I understand where you’re coming from, Pavel. We in North America may see you as untouchable, but you grew up in Russia, and you know better. You understand how the Establishment can grind up and chew out even the biggest stars on the planet. You know the power of Putin and his cronies, and how life in Russia can be as easy or as difficult as the authorities want it to be. You know you’re not immune.

And I know that your faith is important to you, and that it undoubtedly helped you through some very difficult times. As a Catholic myself, I’m well aware that individual religious leaders often do not follow the church’s official dogma, and do God’s work day in and day out. I don’t doubt that you have received succor and spiritual counsel from your local church.

But Pavel, stating that you are “Orthodox and that says it all”? Surely you are aware of violence, not only preached, but  aided and abetted by Orthodox religious leaders? How can you, as caring and generous as I know you to be, condone such behavior, even obliquely? Especially when your teammate and friend Henrik Zetterberg spoke out against Russian homophobia?

Yes, I know – Henrik lives in Sweden, which might as well be another planet. He doesn’t have to deal with what you do.

I’m not demanding that you stand up to Putin, Pavel. I’m not saying you should be leading an anti-homophobia charge. Nobody should expect you or even want you to do such a thing.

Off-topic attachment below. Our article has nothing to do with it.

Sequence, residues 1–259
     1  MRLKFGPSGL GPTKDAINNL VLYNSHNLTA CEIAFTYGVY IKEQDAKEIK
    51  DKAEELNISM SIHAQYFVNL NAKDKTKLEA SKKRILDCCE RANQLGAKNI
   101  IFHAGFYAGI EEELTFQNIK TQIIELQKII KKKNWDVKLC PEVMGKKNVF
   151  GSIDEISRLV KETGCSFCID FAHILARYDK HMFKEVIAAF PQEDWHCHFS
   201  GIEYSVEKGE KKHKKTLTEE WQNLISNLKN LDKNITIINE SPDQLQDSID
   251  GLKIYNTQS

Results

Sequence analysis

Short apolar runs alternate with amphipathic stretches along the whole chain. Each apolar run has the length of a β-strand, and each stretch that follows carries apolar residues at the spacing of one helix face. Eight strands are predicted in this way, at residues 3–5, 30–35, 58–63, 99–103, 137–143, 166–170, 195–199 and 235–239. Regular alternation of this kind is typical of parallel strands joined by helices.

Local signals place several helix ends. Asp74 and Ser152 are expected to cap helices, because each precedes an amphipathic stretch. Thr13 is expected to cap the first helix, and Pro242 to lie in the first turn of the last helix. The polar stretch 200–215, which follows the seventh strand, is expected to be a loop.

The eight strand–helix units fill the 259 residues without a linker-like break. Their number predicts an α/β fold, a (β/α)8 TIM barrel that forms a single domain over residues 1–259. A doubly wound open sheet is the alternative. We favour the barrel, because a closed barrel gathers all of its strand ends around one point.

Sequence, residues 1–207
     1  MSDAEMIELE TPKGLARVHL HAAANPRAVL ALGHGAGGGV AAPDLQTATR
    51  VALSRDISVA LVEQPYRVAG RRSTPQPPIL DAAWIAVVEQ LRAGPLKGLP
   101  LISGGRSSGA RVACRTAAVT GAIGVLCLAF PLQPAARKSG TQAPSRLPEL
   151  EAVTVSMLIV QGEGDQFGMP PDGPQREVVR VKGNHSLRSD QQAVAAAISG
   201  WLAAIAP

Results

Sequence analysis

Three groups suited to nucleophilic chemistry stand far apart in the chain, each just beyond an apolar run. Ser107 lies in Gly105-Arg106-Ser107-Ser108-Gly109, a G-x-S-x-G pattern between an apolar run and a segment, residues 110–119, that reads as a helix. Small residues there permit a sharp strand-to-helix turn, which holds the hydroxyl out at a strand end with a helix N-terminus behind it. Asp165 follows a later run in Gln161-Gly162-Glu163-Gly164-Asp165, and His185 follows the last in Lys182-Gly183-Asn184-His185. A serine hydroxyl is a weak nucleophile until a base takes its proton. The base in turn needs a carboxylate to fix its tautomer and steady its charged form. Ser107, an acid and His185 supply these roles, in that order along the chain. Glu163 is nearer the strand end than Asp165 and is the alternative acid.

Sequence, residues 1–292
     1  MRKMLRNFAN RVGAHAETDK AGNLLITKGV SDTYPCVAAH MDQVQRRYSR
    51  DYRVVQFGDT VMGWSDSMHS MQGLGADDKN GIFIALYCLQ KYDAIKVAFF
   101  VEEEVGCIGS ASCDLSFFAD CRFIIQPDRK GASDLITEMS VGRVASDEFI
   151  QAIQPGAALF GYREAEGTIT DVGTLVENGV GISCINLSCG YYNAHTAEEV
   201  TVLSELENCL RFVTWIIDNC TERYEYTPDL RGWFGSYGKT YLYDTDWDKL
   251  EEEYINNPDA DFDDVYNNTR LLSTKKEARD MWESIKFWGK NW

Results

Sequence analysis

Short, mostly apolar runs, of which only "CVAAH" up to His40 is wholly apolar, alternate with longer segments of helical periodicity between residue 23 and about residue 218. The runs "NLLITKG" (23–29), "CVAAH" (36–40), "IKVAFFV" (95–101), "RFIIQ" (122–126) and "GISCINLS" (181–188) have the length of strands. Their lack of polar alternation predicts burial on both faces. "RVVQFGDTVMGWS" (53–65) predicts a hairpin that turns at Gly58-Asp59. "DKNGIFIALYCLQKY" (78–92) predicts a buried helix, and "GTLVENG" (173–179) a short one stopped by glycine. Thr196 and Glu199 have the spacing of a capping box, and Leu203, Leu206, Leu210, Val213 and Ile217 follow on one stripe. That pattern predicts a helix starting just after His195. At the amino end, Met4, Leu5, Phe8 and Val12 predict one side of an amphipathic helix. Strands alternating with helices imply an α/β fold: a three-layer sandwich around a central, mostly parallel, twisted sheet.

Perhaps you are pulling the wool over everyone’s eyes by telling us that being “orthodox” means you are “Christian,” and actually following the words of Christ, who said “love one another, as I have loved you,” and “judge not, lest ye be judged,” and got in trouble with the religious authorities by befriending undesirable people, such as Samaritans and tax collectors. “The law was made for the man, not the man for the law,” he said, rejecting much of the Old Testament, and never saying one word about homosexual relations. What Would Jesus Do? He certainly wouldn’t be leading a stone-throwing mob against fellow humans asking for civil rights.

I find it difficult to believe that anyone who doesn’t carry hate in his heart can be homophobic. Hence I don’t think you are, Pavel.

I’m not angry with you for what you said. You have to live in Russia. I don’t, and neither do the majority of your Olympic compatriots.